How do you see the work hierarchy changing in the current climate?

Hierarchy as a way to control people is an outdated system that I see dissipating rapidly. Employees in today’s market are empowered and expect to be part of the conversation. I see hierarchy moving towards a focus on management teams providing clear support, resolution and a way to channel input and transparency. Hierarchies are becoming flatter and more open – most employees today have an implicit expectation of access. The hierarchy that exists currently is about making sure everyone is heard, has input and understands the full scope of the opportunity and challenges ahead of the team.

Belonging is a key theme in DEI work and related to trust. What does this mean to you?

Belonging doesn’t mean to me that everyone belongs to every team in the way that everyone belongs to a society. Belonging is about finding an authentic and accurate view of the culture that exists and ensuring that everyone is both encouraged and provided with the ability to be involved in the conversation and community as that culture evolves. Through greater belonging in the culture, it evolves to its best iteration through the combined power of the people within it.

There has been a big shift in the way I think about belonging over the last few years. In the past I always focused on increasing belonging through the elimination of barriers with a “you are welcome” type focus. But increasingly I see the challenge of supporting a sense of belonging as more about addressing the inherent imbalance between groups as conversation starts and evolves. Inviting someone to speak up does not mean the same thing to a person whose grandfather was in danger or hurt for speaking up. To make forward movement on more diversity and inclusion, my approach is to try to meet everyone where they are, rather than where I am.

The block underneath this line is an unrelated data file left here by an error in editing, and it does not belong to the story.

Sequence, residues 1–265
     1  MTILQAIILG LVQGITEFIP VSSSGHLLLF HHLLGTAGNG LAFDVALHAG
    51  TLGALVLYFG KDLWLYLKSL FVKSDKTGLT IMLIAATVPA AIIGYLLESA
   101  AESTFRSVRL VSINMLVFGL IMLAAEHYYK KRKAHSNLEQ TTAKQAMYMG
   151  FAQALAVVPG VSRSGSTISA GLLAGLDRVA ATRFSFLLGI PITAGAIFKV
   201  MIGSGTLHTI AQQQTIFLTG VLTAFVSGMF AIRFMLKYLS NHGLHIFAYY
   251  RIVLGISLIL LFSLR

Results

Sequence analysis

Any words of wisdom for those reading before we sign off?

I see the glass as half full, always. In my experience, it is usually barriers of our own making that stop us from finding a successful path forward. When a team comes together through trust and transparency; when all voices are heard through a shared sense of belonging and a commitment to find what is possible, we most often find that we do have answers, innovation and opportunity right in front of us.

About Nic:

Nic McMahon is the CEO of United Language Group (ULG) –a leading language solutions provider. Nic has more than 20 years of experience working for many of the top companies in the language industry where he has led diverse global projects ranging from healthcare equity to education disparity to commercial market expansions for the world’s premier control valve manufacturer. He has supported multiple Fortune 500 companies on their journey to achieve global growth. Throughout his career, the impact and opportunity of culture and language have been the consistent thread on his journey. Outside of work, he rides his electric scooter, enjoys gardening outside and focuses on balance.


Topics: Tips